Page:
# Could all the energy in all the photons in the universe account for dark matter? [duplicate]

I was hit with fridge logic, and I am curious:

Is it possible that the gravitational influence of photons inside of galaxies (And all throughout the universe) could account for dark matter?

Photons would be most concentrated close to the core and inner galaxy... And have a lessening concentration as they expanded away from galaxies due to the inverse square law..

I am struggling to understand the math involved, because I've not yet reached that level in my education.... But I'm really curious how the total photons stack up vs the measured dark matter in the universe?

• Dark matter moves relatively slowly; otherwise it wouldn't cluster around galaxies. Photons don't move slowly; they move at the speed of light. – Peter Shor Aug 3 '16 at 2:15
• Isn't the observation of dark matter kind of vicarious and indirect? How would we get an even remotely accurate measurement of the speed at which dark matter of traveling through the universe..? I am stating that it maybe instead that concentrations of photons may instead act as dark matter... not really the photons themselves... but the collective whole. – Daniel Drake Aug 3 '16 at 2:34
• The very word 'dark' in dark matter means that we can't see it. Photons are exactly what we can see. If there were enough to contribute significantly to mass, we would notice. – knzhou Aug 3 '16 at 3:20
• We can measure the distribution of dark matter due to its gravitation. No massless field can be confined in ways like that. If dark matter is matter, then it has to be massive and cold. If it isn't, then we simply don't have a model that works. – CuriousOne Aug 3 '16 at 3:37
• Possible duplicates: physics.stackexchange.com/q/45387/2451 , physics.stackexchange.com/q/34516/2451 and links therein. – Qmechanic Aug 3 '16 at 22:12

The problem here is the contrasting effects the two forms of matter have.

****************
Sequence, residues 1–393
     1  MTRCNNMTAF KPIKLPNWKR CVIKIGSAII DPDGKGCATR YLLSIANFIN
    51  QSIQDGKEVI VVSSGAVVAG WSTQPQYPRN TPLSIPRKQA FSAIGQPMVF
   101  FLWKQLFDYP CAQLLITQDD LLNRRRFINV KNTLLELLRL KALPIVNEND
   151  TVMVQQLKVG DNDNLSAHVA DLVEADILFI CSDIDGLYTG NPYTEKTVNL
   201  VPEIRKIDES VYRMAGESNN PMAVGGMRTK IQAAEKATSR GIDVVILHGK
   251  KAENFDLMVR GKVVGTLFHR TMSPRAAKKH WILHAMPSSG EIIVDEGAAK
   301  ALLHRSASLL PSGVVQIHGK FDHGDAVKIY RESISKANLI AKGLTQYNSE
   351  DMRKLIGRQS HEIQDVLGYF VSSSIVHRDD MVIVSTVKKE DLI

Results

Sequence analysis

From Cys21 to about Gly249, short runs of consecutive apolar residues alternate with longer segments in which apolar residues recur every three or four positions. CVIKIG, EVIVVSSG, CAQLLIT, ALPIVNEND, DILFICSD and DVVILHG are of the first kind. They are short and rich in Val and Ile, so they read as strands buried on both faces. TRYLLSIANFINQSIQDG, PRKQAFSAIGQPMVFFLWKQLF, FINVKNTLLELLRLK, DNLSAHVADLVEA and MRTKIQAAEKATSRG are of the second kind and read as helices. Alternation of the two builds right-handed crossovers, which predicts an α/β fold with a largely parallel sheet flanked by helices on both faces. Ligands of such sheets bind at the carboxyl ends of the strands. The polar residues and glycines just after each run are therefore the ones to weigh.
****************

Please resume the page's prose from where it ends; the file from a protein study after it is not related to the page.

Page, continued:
Photons are massless; they create negligible gravitational fields.

Dark matter, on the other hand, is about 85-90% of all mass in the universe. It's responsible for holding galaxies at constant rotation rates past certain radii (see Galactic Rotational Velocity Curves).

Photons, on the other hand, provide a repulsive force that we call radiation pressure.

In terms of contribution to the energy density of the universe:

Let the critical density $\Omega_c=1$. This is the energy density of flat space, and provides an accurate description of the large-scale universe by current measurements.

$\Omega_m$ is the energy density contribution of barionic matter. It's approximately equal to $0.3$. Of that $0.3$, visible matter contributes about $0.05$.

$\Omega_\Lambda$ is the energy density contribution attributed to the cosmological constant $\Lambda$, and is about $0.7$, or about 70% of the energy in the universe.

You might have noticed that $\Omega_m + \Omega_\Lambda \approx 1 = \Omega_c$. Where's the light/radiation?

$\Omega_r$, the energy density contribution of radiation, is $\approx 0.00001$.

• Photons have energy. Any energy/mass contributes to gravitation. – Peter Shor Aug 3 '16 at 2:12
• You're right, but not even close to the same magnitude. I'll edit. – hebetudinous Aug 3 '16 at 2:19
• As I understood, if all the light from all the stars in a 300 light year radius shone for ten years, it'd be enough mass to create a black hole. If all the light was in one spot, that is. Those stars have been shining for alot longer than 10 years.. The galaxy alone is 100,000 light years accross? Thats alot of "black holes" worth of gravitational influence that cannot be seen, floating around in the galaxy? – Daniel Drake Aug 3 '16 at 2:54
• "$Ω_m$ is the energy density contribution of barionic matter" : no, of the matter. We don't know its nature and cannot qualify it this way. You must remove barionic (and one the 2 another hand, do you have 2 other hands ? :) ). Then, be more clear on the density of photons : you said that its effect was neglictible but this needs details or a reference. Planck mission give a lot of values, including an evaluation of this one. – user46925 Aug 3 '16 at 3:01
• @DanielDrake: The energy density of light created by one star can be easily calculated and it is tiny. It doesn't even increase the total mass-energy: whatever mass-energy is in the radiation was lost by the star, so the total gravitational mass of the system is exactly the same. – CuriousOne Aug 3 '16 at 3:57